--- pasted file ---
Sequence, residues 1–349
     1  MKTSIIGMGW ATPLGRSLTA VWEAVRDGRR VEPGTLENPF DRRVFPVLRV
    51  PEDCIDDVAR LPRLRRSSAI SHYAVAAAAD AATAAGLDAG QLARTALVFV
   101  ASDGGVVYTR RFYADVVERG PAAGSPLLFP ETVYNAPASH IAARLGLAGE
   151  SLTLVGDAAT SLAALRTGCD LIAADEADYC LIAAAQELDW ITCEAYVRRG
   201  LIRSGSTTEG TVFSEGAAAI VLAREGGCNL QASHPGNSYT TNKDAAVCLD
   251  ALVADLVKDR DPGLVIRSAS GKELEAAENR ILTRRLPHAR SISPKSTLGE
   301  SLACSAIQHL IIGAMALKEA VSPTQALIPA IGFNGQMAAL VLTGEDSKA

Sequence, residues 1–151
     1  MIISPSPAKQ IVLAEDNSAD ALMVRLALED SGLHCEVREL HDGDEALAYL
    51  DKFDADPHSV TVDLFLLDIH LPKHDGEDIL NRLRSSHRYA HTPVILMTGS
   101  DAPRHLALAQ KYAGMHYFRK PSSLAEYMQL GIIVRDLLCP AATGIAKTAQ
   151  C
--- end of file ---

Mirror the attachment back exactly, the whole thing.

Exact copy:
Sequence, residues 1–349
     1  MKTSIIGMGW ATPLGRSLTA VWEAVRDGRR VEPGTLENPF DRRVFPVLRV
    51  PEDCIDDVAR LPRLRRSSAI SHYAVAAAAD AATAAGLDAG QLARTALVFV
   101  ASDGGVVYTR RFYADVVERG PAAGSPLLFP ETVYNAPASH IAARLGLAGE
   151  SLTLVGDAAT SLAALRTGCD LIAADEADYC LIAAAQELDW ITCEAYVRRG
   201  LIRSGSTTEG TVFSEGAAAI VLAREGGCNL QASHPGNSYT TNKDAAVCLD
   251  ALVADLVKDR DPGLVIRSAS GKELEAAENR ILTRRLPHAR SISPKSTLGE
   301  SLACSAIQHL IIGAMALKEA VSPTQALIPA IGFNGQMAAL VLTGEDSKA

Sequence, residues 1–151
     1  MIISPSPAKQ IVLAEDNSAD ALMVRLALED SGLHCEVREL HDGDEALAYL
    51  DKFDADPHSV TVDLFLLDIH LPKHDGEDIL NRLRSSHRYA HTPVILMTGS
   101  DAPRHLALAQ KYAGMHYFRK PSSLAEYMQL GIIVRDLLCP AATGIAKTAQ
   151  C